Scripture: Matt 1–2; Luke 2:41–51; 3:23–38
Mary had the tough role, but Joseph’s role in the birth of the Messiah wasn’t so comfortable either. Who would have blamed Joseph if he had gone through with the divorce he was considering? And notice, this decent man had been planning to avoid embarrassing Mary publicly (Matt 1:19).
An angel of the Lord appeared to him in a dream and gave him pretty much the same explanation that Gabriel had given Mary: This has been conceived by the Holy Spirit, not by some other man. Here’s the name you’re supposed to give him: “Jesus.” And all of this fulfills Isaiah’s prophecy of the “Immanuel” child (Matt 1:20–23, see Isa 7:14). So, “Don’t be afraid to take Mary as your wife” (Matt 1:20).
So “when Joseph woke up, he did as the angel of the Lord commanded and took Mary as his wife. But he did not have sexual relations with her until her son was born. And Joseph named him Jesus” (Matt 1:24–25). And thus he shouldered a heavy responsibility. He took his pregnant fiance off to Bethlehem when taxes came due. He sat by while she gave birth and began receiving visitors from near and far. The royal imagery that the wise men from the East signified with their precious gifts would have stunned him: “I’m just a Galilean carpenter. What’s this they’re saying about our son?”
The next time the Lord sent him a message in a dream was to tell him, Take the boy and his mother and run for your lives. Herod’s in a slaughtering rage, trying to kill all the little boys who might prove to be a Messiah and claim his throne. So Joseph pulled up stakes and ran for Egypt until he saw Herod’s name in the International Herald Tribune obits. Only then could they head back home.
In one sense, Jesus must have given them an easy ride as parents. This one who was God made flesh didn’t get into trouble with fist fights, drugs, and girls. I doubt if he even threw spit balls in class or got after-school detentions for pulling the girls’ pigtails. On the other hand, how easy could it have been for simple trades people from the hills to raise the King of kings and Lord of lords. They would head off to the temple, and Jesus would hunt up the scholars for intense Scripture discussions. Mary and Joseph would exchange stories, and one of them would bring up Simeon’s prediction: “And a sword will pierce your very soul” (Luke 2:35).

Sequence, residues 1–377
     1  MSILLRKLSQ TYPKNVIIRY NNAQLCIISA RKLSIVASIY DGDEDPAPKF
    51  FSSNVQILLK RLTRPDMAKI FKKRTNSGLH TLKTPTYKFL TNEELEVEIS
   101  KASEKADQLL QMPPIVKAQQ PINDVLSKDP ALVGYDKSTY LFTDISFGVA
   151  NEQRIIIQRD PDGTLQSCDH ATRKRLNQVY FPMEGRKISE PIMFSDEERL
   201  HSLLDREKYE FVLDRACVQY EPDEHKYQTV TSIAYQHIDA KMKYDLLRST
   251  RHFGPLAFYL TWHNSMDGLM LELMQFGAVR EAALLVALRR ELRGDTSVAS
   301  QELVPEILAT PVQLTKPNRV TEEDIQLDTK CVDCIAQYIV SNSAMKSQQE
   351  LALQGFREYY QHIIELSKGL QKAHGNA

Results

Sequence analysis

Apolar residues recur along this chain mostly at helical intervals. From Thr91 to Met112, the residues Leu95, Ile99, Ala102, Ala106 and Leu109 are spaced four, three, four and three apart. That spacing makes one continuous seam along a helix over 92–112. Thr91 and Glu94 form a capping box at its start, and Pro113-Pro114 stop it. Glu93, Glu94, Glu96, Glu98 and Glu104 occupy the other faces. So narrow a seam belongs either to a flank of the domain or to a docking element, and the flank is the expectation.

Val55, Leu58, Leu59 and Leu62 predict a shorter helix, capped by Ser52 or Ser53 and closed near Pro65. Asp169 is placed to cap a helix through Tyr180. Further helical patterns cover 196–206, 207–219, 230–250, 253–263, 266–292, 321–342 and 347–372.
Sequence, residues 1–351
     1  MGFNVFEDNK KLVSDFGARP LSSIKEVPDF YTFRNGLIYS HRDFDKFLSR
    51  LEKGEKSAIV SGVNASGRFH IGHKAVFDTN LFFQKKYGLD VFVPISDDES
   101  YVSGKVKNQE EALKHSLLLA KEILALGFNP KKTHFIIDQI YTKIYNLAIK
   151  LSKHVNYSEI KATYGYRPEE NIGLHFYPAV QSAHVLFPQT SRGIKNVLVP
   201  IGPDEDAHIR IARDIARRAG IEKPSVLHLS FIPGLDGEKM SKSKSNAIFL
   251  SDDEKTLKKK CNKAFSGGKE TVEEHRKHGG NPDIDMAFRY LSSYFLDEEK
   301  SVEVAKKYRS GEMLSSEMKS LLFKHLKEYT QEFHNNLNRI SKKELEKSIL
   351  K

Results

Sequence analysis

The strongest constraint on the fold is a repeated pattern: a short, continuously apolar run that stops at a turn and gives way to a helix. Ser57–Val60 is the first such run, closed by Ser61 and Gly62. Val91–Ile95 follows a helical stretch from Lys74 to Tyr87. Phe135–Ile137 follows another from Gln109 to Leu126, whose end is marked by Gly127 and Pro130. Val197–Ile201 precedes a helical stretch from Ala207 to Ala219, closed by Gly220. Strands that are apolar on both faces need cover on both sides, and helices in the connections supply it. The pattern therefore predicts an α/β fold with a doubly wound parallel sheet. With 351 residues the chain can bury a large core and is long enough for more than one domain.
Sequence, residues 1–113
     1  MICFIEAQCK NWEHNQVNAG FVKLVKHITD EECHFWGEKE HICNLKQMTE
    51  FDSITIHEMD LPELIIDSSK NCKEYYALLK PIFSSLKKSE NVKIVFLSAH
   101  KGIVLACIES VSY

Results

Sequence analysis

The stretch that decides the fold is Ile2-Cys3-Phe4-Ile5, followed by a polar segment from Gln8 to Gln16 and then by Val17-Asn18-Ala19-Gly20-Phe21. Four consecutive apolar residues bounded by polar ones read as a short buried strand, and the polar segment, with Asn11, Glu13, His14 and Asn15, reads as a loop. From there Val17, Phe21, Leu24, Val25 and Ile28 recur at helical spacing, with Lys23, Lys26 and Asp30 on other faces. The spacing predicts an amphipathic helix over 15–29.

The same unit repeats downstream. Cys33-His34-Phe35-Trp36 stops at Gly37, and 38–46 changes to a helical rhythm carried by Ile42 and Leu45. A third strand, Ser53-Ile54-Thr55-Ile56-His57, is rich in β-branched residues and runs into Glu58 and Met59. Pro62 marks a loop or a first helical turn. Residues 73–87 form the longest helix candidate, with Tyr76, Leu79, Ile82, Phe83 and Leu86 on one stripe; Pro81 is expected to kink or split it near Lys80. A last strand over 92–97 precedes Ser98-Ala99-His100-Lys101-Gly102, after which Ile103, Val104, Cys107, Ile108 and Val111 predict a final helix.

Matthew’s genealogy traces Jesus’s ancestry through Mary, who was the mother of the Christ child. Luke’s doesn’t blush to trace Jesus’s line back from Joseph, even though he didn’t sire the child himself. Joseph must have served as a loving and faithful husband to Mary and father to Jesus, but he fades out of the gospel story early on. Only the apocryphal works provide any detailed history of Joseph’s subsequent life and death. But heaven must have given a warm welcome to this faithful and humble servant who put aside his own dignity to protect Mary’s, laid aside his own paternal rights in obedience to heaven’s call, and loved his God, his wife, and his Son.
Questions, Reflections, & Commitments
- Compare and contrast the openness of Mary and Joseph to God’s guidance with your own receptivity to God’s call and what it might mean to how you prefer to be seen in this world.
- How well do you think Joseph has fared in church history, especially as compared to Mary?